Chasing The Northern Lights: How To Have A Haute Holiday In Europe’s Most Expensive Country

IcelandPhoto Credit: Promote Iceland/Nordurljos-Jokulsarloni-Vetur

Some travelers arrive in Iceland without a clear idea of what to do beyond “Blue Lagoon” and “Northern Lights,” but chasing those very lights without a plan can be detrimental, even for the uber-rich. Why? According to a report from Eurostat, Iceland is Europe’s most expensive country, with a price level that’s 56 percent above the average of 37 European countries (followed by Switzerland with 52 percent, for perspective). Though clearly money is no object for the spectacularly wealthy, a strategic stay is to anyone’s benefit. So, as usual, were here to help. 


Northern LightsPhoto Credit: saltat007/

First off, let’s start with our focus. The Northern Lights are mercurial, beautiful beasts. There is no telling when they’ll pop out, and no guarantee that you’ll see them. Your best bet would be to book a tour, where a dedicated guide who religiously follows weather patterns can take you to one of many remote, very cold spots in the hopes that you’ll see them. You’ll be freezing; bring your Canada Goose. SHOULD you see them, you’ll see one of the most amazing phenomena—the result of disturbances in the magnetosphere caused by solar wind. For those who want to wing it, your best bets will during colder weather, at night, away from light pollution.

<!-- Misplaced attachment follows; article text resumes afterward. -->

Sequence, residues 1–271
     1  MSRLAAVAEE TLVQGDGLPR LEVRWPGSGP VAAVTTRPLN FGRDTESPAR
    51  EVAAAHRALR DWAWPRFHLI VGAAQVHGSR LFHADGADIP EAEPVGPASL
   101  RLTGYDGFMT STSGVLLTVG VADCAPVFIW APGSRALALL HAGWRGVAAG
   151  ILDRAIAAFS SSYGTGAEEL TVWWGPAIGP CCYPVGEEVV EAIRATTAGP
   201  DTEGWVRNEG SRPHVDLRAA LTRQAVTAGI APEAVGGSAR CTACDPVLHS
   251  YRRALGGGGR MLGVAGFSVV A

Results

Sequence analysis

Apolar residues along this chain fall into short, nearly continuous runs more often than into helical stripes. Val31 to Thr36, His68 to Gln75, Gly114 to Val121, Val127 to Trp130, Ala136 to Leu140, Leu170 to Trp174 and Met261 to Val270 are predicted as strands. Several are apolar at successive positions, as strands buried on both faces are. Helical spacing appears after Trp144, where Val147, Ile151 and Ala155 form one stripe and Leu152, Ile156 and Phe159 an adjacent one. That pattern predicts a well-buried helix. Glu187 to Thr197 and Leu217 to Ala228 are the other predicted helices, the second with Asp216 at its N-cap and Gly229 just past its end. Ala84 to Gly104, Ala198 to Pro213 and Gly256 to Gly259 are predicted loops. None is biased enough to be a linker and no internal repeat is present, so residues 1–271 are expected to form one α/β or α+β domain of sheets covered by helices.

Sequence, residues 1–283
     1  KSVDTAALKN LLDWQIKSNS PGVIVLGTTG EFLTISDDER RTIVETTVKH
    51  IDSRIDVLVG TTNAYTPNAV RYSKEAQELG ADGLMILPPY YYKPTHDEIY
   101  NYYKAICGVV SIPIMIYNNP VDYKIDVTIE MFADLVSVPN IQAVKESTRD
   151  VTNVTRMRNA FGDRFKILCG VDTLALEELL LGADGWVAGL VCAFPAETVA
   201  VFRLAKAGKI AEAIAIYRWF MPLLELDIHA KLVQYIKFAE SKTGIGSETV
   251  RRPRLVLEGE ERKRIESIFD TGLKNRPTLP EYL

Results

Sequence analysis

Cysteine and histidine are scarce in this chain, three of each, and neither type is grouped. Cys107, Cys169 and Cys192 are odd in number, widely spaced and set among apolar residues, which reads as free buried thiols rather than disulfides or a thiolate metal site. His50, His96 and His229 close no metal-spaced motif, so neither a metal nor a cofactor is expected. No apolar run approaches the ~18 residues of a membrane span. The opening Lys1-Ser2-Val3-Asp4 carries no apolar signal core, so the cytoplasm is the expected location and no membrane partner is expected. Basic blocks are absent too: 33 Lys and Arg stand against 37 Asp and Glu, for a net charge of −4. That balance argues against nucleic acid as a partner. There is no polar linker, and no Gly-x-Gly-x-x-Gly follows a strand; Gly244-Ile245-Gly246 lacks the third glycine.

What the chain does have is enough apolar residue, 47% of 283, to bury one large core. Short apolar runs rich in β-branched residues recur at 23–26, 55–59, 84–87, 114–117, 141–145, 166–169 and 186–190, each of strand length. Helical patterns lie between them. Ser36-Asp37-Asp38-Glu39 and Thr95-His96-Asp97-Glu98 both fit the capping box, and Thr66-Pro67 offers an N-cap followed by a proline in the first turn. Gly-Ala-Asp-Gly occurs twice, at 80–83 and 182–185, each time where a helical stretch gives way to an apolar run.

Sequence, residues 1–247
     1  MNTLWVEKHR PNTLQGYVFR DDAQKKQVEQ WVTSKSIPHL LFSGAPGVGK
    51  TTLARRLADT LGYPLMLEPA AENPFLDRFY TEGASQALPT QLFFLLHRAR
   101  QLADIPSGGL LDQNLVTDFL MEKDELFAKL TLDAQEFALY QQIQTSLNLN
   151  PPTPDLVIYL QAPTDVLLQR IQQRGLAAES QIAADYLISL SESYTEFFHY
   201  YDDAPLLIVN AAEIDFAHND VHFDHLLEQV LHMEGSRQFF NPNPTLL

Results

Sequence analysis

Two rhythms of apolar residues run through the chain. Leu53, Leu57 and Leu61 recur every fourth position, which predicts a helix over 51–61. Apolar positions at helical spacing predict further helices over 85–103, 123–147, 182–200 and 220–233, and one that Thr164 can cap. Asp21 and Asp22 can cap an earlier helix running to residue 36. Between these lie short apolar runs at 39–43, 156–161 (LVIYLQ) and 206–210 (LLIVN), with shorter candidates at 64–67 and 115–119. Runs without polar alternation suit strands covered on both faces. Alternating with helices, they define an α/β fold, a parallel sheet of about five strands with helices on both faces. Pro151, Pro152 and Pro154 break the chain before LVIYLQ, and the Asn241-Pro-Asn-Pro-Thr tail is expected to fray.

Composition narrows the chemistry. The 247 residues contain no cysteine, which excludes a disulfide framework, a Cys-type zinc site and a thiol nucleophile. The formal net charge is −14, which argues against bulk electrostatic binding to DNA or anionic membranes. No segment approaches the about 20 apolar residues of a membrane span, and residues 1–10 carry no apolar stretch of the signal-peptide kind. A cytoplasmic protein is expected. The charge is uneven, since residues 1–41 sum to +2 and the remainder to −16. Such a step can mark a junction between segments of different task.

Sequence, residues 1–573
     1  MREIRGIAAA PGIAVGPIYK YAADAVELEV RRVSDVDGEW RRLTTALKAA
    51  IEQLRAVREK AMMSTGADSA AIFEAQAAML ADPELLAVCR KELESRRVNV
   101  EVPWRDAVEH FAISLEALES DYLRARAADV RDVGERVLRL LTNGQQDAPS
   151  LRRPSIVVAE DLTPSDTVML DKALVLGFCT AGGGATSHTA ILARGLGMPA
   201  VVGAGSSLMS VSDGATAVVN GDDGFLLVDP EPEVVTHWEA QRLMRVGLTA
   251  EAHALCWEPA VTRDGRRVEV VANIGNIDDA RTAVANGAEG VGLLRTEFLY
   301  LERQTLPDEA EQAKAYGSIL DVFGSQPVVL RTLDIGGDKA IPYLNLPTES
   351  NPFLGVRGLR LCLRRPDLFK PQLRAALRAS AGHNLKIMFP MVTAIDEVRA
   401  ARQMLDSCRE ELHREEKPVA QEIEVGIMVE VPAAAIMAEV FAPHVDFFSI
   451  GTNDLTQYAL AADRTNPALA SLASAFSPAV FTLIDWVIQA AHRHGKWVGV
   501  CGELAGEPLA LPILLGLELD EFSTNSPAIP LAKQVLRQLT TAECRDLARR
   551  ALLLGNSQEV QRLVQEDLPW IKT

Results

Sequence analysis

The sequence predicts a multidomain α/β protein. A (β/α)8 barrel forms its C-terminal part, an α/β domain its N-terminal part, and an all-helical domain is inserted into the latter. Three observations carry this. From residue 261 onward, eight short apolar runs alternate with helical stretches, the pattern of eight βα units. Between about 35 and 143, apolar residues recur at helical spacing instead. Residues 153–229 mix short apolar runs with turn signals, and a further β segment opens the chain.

Hotel Grimsborgir

Hotel GrimsborgirPhoto Credit: Hotel Grimsborgir 

Some might be surprised to know that Iceland, despite it’s statistics, has only two five-star hotels. As of 2019, Hotel Grimsborgir, located in Iceland’s Golden Circle, has become one of those two. The hotel, which is located over an hour east of Reykjavik, nestled on the bank of river Sogid, is a prime place for Aurora Borealis sightings as it’s far away from light pollution, quiet, serene and supremely luxe. 

Hotel Grimsborgir is just “extra.” All rooms come with balcony or terrace and access to one of 29 geothermal hot tubs on site, private or shared. Which means, you can literally grab a glass of Dom Perignon and sit (warmly) underneath the Lights.It’s the front-row seat you never imagined possible. If you’re too tired to wait them out, the hotel offers an optional wake-up call if the Lights are spotted in the sky.  

Make sure to try the hotel’s dedicated restaurant, which offers Icelandic and international dishes made with fresh local ingredients and nightly live music. The chef is a big fan of locally-sourced cuisine; he even hunts for some of your fine dining options himself.

Reyyjavik Konsulat Hotel

Curio Reykjavik

Photo Credit: Curio Reykjavik